Gov. Charlie Baker's State of the Commonwealth speech "ignored the central issue facing all schools" in Massachusetts, according to the Senate chair of the Legislature's Education Committee.
Sen. Sonia Chang-Diaz, a Jamaica Plain Democrat, said Baker's proposed increase in aid to local school districts -- known as Chapter 70 aid -- in next year's budget is "just plain inadequate for the job."
"As an acclaimed manager, the Governor should know that," Chang-Diaz said in a statement. "I'm certain the Governor is aware of the economic concept of inflation – and his proposal barely keeps up with healthcare inflation alone. In fact, his budget proposal would leave K-12 funding down more than 5% since 2002, when adjusted for inflation. That means more cuts to classrooms, in reality. We need to have higher expectations for ourselves."
Baker plans to fully unveil his fiscal 2019 budget proposal, likely the largest annual spending plan in state history, in a Wednesday afternoon press conference. In his address on Tuesday night touted this year's investment of more than $4.7 billion in funding for K-12 schools, calling it "the highest level in history."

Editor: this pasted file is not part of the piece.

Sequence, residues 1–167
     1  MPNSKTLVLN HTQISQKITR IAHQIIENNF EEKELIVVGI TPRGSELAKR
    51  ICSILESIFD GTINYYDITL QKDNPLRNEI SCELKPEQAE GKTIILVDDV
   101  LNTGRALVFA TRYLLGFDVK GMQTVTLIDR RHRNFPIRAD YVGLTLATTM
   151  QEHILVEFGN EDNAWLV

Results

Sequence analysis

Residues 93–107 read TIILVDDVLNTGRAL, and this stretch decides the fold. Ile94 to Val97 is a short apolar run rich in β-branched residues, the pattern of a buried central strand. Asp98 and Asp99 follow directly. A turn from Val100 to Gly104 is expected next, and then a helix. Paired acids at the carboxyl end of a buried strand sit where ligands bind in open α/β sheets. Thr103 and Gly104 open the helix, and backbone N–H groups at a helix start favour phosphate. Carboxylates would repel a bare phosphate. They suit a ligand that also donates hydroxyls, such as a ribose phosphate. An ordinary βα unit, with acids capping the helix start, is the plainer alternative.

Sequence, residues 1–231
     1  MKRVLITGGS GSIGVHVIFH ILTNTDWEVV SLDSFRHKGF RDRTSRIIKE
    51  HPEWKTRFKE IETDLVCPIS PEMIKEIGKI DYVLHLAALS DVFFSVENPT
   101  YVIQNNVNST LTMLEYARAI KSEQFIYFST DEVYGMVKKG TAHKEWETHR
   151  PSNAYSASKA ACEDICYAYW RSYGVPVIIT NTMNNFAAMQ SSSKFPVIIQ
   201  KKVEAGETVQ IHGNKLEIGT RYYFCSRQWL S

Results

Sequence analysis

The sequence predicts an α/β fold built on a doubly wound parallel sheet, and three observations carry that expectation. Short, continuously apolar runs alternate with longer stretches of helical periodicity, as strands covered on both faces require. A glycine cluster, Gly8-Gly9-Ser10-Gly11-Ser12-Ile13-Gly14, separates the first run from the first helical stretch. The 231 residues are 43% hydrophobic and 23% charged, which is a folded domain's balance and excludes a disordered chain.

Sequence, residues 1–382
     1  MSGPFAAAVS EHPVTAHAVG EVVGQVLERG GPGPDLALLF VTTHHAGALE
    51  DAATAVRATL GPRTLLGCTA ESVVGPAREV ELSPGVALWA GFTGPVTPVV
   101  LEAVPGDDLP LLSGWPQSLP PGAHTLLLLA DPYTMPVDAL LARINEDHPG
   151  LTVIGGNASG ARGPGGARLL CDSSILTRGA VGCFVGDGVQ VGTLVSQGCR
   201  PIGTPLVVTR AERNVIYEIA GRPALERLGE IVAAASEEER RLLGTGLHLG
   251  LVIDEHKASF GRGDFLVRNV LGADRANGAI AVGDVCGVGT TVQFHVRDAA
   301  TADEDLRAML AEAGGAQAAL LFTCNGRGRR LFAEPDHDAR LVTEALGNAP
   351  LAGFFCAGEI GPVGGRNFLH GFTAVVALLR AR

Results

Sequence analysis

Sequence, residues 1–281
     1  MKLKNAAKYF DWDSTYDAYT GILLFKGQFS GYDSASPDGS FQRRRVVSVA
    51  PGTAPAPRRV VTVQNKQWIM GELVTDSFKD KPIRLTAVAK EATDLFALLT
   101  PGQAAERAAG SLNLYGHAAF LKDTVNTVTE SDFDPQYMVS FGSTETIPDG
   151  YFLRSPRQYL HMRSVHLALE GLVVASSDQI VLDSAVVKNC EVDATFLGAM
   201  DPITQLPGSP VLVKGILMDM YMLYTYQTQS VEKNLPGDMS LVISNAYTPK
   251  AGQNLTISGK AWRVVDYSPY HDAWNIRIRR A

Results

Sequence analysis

"Tomorrow’s budget submission will boost that number by more than $100 million, representing an increase of nearly half a billion dollars since we took office," Baker said.
The Republican governor teased details of his education aid plans before the Massachusetts Municipal Association last week, saying he would propose $118.6 million increase that would bump the total to $4.865 billion. The hike includes $15 million in additional aid for districts that have seen an influx of students from Puerto Rico and the U.S. Virgin Islands after last year's hurricanes, and $24.3 million toward addressing rising costs of health care for retirees, which Baker called a "significant investment."
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